Towards an Evidence-Based Culture in Establishing
Academic Policies and Initiatives

AS-3103-13/APEP (Rev)

RESOLVED: That Academic Senate of the CSU (ASCSU) urge that CSU initiatives and policies be
grounded in research and available evidence; and be it further

RESOLVED: That all academic policy proposals under consideration by the administration, the Board
of Trustees, and senates, particularly those intended to improve student success and
expedite student progress toward degree, be grounded in research-based evidence
relevant to the demographic profile of our student population; and be it further

RESOLVED: That, where appropriate, when initiatives and policies are proposed or implemented that
they be piloted and evaluated for their intended and unintended consequences on CSU
students before considering systemwide adoption; and be it further

RESOLVED: That the ASCSU distribute this resolution to:

  • CSU Board of Trustees,
  • CSU Chancellor,
  • CSU Provosts,
  • CSU campus Presidents,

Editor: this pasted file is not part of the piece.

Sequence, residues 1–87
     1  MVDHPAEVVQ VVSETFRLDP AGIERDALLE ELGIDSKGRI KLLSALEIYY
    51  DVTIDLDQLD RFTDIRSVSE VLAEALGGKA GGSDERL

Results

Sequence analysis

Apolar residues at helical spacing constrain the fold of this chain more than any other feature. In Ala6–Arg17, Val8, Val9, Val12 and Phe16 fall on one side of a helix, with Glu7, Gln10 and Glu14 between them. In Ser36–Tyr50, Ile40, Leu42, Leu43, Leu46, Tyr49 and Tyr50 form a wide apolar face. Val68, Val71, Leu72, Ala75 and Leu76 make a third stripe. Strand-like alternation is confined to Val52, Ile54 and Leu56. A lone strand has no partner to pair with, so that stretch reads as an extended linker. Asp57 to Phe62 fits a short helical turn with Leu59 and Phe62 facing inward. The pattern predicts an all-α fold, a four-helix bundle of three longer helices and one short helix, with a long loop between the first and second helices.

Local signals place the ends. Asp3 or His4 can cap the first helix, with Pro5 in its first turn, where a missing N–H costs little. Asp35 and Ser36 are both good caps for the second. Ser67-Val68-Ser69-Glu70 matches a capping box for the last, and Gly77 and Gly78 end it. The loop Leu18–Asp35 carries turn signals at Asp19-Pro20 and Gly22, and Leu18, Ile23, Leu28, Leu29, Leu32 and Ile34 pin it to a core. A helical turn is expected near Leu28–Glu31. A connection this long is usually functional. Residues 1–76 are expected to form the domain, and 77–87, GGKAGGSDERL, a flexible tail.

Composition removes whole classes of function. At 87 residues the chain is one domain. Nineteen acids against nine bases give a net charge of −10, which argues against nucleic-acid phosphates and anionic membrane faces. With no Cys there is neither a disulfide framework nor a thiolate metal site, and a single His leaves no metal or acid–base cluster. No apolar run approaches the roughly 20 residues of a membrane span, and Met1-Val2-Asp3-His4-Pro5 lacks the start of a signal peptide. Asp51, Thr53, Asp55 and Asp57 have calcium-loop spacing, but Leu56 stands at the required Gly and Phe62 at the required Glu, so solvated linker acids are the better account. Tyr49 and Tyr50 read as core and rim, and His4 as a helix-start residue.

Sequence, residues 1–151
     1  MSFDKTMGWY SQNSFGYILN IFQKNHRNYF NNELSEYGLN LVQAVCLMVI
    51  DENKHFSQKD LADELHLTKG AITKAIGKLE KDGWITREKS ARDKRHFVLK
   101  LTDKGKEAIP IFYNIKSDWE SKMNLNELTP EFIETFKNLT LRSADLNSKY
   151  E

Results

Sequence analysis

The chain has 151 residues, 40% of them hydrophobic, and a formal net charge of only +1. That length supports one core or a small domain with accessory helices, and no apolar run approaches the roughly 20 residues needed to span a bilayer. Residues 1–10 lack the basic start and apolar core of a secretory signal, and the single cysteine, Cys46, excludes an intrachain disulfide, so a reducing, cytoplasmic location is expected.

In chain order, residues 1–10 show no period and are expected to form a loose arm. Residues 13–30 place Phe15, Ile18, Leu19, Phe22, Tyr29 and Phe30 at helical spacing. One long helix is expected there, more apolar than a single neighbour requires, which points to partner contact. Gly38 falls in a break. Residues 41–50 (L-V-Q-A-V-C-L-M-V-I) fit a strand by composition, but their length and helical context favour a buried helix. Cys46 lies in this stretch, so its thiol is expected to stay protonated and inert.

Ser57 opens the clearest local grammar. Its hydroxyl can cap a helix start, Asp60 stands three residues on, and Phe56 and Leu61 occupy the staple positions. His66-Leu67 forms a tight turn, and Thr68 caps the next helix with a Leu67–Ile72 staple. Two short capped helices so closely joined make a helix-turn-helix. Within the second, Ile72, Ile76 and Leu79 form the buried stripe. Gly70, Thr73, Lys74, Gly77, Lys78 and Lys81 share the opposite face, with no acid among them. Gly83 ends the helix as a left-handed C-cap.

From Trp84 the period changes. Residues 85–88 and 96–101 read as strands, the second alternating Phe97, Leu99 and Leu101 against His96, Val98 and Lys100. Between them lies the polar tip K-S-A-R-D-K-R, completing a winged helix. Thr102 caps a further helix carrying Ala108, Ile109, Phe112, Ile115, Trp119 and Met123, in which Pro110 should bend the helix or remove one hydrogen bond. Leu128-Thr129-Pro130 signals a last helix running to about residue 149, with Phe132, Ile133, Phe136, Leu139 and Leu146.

• Council of Campus Senate Chairs,
  • Executive Vice Chancellor of Academic Affairs, Ephraim Smith,
  • Executive Vice Chancellor of Business & Finance, Benjamin Quillian,
  • Vice Chancellor for Human Resources, Gail Brooks and
  • Vice Chancellor for University Relations & Advancement, Garrett Ashley
  • RATIONALE: RATIONALE: Campuses have been working to achieve the goals set by the Graduation
    Initiative to raise graduation rates eight percent by 2015-16 and reduce by half, the
    existing gap in degree attainment by the CSU’s under-represented minority students.
    Some of the recent initiatives and policies proposed by the CSU (e.g., the proposal to
    significantly increase the cost to those students that have accumulated in excess of 150
    units, that need to repeat a course, and/or enroll in more than 16 units) may have
    unintended consequences, such as delaying graduation for these students or
    discouraging students from completing their degrees.
    The CSU community, faculty, staff and administrators are all strong supporters and
    advocates for student success; this is not in question. Proposed initiatives and policies
    should be piloted and examined to identify the actual benefits and costs.

    Approved Without Dissent– November 9, 2012

 



 
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